Open Access

Model selection in the reconstruction of regulatory networks from time-series data

BMC Research Notes20092:68

DOI: 10.1186/1756-0500-2-68

Received: 24 January 2009

Accepted: 05 May 2009

Published: 05 May 2009

Abstract

Background

A widely used approach to reconstruct regulatory networks from time-series data is based on the first-order, linear ordinary differential equations. This approach is justified if it is applied to system relaxations after weak perturbations. However, weak perturbations may not be informative enough to reveal network structures. Other approaches are based on specific models of gene regulation and therefore are of limited applicability.

Findings

We have developed a generalized approach for the reconstruction of regulatory networks from time-series data. This approach uses elements of control theory and the state-space formalism to approximate interactions between two observable nodes (e.g. measured genes). This leads to a reconstruction model formulated in terms of integral equations with flexible kernel functions. We propose a library of kernel functions that can be used for the first insights into network structures.

Conclusion

We have found that the appropriate kernel function significantly increases the accuracy of network reconstruction. The best kernel can be selected using prior information on a few nodes' interactions. We have shown that it may be already possible to select models ensuring reasonable performance even with as small as two known interactions. The developed approaches have been tested with simulated and experimental data.

Findings

Two sources of experimental data are generally used in the reconstruction of regulatory networks: steady-state and time-series experiments. Steady-state data [1, 2] are generated by measuring the expression levels of every gene (or protein concentrations) when a system relaxes into a steady state after a perturbation. There are many publications [35] reporting different methods for the network reconstruction from the steady-state data. Time-series data represent the expression levels measured at a number of time points following global or local perturbations of a system [6, 7]. If these perturbations do not bring the system far from a steady state, the relaxation into the steady state is approximated by a set of the first-order, linear ordinary differential equations (LODE) [6, 8, 9]. Time-series experiments do not require as many perturbations as steady-state experiments, thus avoiding perturbations that may be not easy to design [10, 11]. Moreover, analysis of time-series data allows us to investigate the dynamics of regulatory interactions, which is not possible from the steady-state data.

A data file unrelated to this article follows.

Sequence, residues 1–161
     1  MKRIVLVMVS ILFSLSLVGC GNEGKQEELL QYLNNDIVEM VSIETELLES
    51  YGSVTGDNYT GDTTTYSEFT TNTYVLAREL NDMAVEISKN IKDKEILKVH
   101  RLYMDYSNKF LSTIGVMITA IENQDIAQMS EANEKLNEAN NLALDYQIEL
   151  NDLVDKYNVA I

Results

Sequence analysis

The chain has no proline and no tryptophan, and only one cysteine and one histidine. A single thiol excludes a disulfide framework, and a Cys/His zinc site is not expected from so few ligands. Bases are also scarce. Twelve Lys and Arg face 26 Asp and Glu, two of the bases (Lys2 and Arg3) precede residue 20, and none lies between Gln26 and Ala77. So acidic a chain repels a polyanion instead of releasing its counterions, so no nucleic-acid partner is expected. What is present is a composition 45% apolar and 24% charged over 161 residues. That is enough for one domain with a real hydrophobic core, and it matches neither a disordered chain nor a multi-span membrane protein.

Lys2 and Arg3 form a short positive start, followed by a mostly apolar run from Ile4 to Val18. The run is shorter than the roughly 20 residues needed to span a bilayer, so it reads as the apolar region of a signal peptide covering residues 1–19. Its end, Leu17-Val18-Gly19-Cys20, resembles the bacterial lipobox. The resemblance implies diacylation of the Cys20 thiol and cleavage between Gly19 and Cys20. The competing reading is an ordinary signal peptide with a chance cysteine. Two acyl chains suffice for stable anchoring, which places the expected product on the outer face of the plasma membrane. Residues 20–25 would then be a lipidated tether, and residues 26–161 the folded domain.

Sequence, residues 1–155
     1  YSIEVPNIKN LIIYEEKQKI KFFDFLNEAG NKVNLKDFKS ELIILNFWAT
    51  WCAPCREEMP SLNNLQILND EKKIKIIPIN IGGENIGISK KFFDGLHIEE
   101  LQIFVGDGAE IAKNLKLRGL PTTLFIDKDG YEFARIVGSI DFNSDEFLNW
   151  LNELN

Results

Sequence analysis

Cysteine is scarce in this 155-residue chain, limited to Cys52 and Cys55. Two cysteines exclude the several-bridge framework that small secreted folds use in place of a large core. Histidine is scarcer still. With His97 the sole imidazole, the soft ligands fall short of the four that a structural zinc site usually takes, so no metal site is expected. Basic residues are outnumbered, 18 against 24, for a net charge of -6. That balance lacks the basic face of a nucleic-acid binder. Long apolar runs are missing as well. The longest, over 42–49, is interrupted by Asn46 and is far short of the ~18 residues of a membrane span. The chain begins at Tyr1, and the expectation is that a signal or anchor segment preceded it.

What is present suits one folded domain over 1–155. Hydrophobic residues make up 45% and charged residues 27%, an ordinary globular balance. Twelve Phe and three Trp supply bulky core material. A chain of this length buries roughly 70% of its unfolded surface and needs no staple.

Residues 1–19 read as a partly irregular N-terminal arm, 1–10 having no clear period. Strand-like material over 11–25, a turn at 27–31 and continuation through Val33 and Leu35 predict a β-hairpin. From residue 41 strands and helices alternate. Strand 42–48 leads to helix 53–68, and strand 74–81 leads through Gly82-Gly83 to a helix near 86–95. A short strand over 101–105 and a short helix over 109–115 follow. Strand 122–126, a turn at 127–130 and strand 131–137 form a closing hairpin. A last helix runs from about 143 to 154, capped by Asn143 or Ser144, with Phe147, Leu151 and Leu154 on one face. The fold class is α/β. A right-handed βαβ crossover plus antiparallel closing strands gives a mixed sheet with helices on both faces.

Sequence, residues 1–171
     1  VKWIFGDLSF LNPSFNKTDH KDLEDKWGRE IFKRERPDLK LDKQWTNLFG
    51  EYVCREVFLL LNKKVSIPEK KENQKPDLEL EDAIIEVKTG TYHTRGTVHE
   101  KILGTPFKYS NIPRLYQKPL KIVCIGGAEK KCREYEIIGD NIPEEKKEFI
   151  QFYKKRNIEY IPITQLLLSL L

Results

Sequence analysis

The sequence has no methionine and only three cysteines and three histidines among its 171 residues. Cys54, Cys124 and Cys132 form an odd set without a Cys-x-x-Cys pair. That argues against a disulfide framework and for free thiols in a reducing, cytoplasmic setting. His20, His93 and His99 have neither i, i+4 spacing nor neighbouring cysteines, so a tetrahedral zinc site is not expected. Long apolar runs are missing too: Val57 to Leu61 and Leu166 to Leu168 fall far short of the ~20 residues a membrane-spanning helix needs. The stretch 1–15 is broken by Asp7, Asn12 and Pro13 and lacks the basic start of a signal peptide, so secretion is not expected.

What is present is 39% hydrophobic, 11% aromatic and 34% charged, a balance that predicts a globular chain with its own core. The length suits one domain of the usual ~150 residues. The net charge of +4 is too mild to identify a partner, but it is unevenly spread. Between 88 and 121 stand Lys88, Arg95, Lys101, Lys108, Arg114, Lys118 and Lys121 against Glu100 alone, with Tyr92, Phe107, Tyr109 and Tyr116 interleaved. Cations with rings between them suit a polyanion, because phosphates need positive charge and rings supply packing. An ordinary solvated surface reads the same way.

However, it has been shown [4, 5] that the network reconstruction is more difficult from the time-series data than from the steady-state data. The authors have envisaged two possibilities to improve the reconstruction. One is to collect more time series from additional perturbations. The other one is to perform time-series experiments where an investigated system demonstrates richer dynamics. The latter case is advantageous because it may generate more informative data without performing extra experiments. This can be done either by applying stronger perturbations or by monitoring system dynamics controlled by internal factors (e.g. cell-cycle processes). In both cases, the LODE models can hardly be justified as it is difficult to ensure that a system does not strongly deviate from a steady state. More sophisticated system dynamics needs more detailed formalizations on gene/molecular interactions. Many attempts to improve the basic LODE model can be found in recent publications [1214]. In most cases, the authors suggest to model the combined regulatory effect of a number of regulatory factors by a particular non-linear function. Additionally, the second-order differential equations are sometimes invoked to reproduce gene expression profiles [14, 15].

In this paper, we are looking for a generic approach to approximate interactions between the observable nodes in a network. The generic approach allows us to systematically apply specific models and, eventually, to define the most appropriate model using available experimental data and, possibly, prior knowledge on the nodes' interactions. The developed approaches were tested with simulated and experimental data.